Both of these materials can be purchased in “valve quality,” which has a higher quality surface than non-valve-quality material. Automobile valve and transmission springs are commonly made of these two alloys to gain the high life and high temperature handling required.
Although not as good as stainless steels for handling high temperatures, chrome silicon can handle 475°F without an alteration of its mechanical properties. This is very close to stainless 302/304/316, which can handle 500°F.
Where rust and corrosion is considered, alloys do not fare any better than carbon steels; they will rust without protection.
Chrome vanadium is a popular steel for die springs because it can be rolled to a rectangular shape without breakage. Chrome silicon is often too hard for this process without special equipment.
Both alloys are tempered and have no cast.
One critical difference between chrome silicon and the other materials discussed in this article is its stress relieving. Because of chrome silicon’s high hardness, it needs to be stress relieved within four hours of coiling. The stresses induced from coiling can produce stress cracks in the material if it isn’t stress relieved, preferably with an in-line oven straight from the coiler.
Another little-known fact to the operator is that wire is a market. That means that it is not possible to define material cost by type or size. For instance, although 0.130′′ hard-drawn wire is inferior to music wire, it may not be as abundant. Therefore, the lower quality wire may actually cost more for a given amount.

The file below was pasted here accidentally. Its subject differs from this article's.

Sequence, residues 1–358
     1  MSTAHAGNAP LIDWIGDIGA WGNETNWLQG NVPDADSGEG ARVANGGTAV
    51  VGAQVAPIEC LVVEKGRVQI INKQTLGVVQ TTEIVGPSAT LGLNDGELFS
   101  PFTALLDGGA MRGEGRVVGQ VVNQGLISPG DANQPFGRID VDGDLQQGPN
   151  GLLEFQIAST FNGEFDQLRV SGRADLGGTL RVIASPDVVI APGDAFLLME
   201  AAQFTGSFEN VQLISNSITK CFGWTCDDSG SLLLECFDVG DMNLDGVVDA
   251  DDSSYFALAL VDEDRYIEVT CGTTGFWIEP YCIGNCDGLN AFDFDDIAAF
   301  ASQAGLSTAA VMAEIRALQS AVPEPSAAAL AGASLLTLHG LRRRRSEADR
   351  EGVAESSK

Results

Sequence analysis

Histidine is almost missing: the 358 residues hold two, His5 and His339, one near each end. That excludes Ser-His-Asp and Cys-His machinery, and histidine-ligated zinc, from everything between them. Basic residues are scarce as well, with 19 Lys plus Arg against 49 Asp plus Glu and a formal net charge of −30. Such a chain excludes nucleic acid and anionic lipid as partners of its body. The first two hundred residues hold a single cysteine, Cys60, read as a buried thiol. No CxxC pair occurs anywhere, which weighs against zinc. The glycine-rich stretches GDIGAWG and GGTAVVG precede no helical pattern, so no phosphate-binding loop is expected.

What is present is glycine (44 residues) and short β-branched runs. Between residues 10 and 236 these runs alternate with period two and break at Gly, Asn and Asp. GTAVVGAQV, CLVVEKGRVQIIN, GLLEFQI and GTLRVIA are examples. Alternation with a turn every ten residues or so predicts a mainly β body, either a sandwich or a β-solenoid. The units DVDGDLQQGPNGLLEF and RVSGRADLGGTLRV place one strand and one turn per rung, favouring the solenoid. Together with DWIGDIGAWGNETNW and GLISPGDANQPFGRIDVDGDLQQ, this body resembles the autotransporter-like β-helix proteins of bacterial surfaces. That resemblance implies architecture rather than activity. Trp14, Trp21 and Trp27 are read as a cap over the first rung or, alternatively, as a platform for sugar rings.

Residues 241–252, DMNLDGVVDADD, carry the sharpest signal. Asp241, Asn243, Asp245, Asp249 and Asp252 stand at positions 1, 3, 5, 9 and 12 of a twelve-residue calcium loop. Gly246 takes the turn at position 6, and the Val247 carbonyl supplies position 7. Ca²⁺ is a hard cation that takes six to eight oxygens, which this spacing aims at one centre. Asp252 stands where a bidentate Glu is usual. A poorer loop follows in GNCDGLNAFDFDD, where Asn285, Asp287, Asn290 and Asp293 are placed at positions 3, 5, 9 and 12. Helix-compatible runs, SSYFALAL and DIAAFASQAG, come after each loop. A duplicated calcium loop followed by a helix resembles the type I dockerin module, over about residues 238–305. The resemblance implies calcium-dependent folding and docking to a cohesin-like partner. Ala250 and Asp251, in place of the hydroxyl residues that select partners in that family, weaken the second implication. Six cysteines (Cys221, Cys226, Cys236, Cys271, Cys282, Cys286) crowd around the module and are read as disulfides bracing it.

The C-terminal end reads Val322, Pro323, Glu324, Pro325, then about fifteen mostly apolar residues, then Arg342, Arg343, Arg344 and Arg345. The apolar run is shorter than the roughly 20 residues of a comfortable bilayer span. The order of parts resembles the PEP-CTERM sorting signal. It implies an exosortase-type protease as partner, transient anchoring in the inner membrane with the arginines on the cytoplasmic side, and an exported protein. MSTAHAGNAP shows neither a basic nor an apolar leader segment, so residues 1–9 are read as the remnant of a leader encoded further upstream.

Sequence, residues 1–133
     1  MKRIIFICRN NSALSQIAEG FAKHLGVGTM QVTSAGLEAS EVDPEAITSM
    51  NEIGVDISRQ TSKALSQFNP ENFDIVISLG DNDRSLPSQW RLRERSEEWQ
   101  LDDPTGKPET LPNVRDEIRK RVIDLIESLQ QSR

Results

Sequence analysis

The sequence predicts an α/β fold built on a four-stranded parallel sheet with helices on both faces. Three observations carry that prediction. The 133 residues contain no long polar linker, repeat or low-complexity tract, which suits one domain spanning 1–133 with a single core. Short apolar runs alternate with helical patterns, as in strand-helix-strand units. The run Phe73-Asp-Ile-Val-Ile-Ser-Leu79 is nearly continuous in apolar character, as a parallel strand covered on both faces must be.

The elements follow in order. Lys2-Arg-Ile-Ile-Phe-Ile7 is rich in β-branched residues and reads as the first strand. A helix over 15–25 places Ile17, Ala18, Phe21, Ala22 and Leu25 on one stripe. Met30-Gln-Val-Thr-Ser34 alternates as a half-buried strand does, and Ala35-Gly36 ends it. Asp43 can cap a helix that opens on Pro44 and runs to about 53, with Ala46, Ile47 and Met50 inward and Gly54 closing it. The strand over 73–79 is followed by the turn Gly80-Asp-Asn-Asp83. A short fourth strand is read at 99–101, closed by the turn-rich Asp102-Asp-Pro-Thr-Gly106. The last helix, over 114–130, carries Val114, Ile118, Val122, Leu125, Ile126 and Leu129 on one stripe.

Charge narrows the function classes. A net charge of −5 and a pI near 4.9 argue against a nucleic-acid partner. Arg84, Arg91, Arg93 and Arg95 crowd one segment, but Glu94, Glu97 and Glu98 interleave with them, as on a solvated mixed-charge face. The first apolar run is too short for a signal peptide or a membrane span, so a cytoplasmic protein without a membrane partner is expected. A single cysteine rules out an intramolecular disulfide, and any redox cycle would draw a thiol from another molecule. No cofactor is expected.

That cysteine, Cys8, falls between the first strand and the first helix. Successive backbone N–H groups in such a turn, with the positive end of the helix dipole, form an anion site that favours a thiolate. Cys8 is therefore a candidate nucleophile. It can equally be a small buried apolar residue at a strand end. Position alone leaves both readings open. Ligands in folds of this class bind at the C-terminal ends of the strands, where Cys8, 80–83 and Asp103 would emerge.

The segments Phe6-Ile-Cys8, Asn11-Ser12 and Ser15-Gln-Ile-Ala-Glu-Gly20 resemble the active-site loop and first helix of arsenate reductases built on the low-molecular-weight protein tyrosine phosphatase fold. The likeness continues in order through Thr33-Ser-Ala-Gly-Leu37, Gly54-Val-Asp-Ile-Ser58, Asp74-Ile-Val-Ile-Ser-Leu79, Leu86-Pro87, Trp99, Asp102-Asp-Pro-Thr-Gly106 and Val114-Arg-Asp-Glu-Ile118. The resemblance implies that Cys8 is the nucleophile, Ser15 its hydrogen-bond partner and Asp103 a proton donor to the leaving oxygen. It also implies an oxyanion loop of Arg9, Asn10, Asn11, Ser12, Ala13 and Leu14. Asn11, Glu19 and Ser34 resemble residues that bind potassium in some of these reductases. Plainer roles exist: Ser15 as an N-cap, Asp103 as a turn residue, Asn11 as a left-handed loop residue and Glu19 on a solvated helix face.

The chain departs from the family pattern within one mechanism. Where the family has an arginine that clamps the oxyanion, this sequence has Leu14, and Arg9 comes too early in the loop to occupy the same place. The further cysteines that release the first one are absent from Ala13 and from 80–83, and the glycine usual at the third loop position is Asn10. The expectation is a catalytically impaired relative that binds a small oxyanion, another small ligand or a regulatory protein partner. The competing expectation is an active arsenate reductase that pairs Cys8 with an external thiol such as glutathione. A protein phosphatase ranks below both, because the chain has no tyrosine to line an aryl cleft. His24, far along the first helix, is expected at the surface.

In addition, some wire types are not as prevalent as they once were. Valve-quality carbon steel (a high-quality version of oil tempered) was a very popular steel in past decades. However, alloys have since replaced a lot of valve wire due to their superior surface finish and high temperature handling. A lot of blueprints call for valve material, but the cost would be extreme and alloys are a good, logical replacement. A blueprint produced in 1956, for instance, might still call out carbon valve. Rather than simply following the blueprint, a spring maker should realize that it is in everyone’s best interest, especially the customer’s, to find a more cost-effective material solution that can meet the need and, possibly, improve part performance at the same time.
One last note: Stainless steels do not have the same rate-producing elastic properties of carbon or chrome alloys. Therefore, stainless steels cannot be used in place of high-tensile steels, such as music or chrome silicon. They are entirely different materials and cannot be interchanged. However, chrome-alloy steels will produce the same spring rates as carbon steels and, therefore, the same loads at given heights. Therefore, chrome-alloy steels can serve as an allowable substitute for carbon steels.
One critical difference between chrome silicon and the other materials discussed in this article is its stress relieving. Because of chrome silicon’s high hardness, it needs to be stress relieved within four hours of coiling.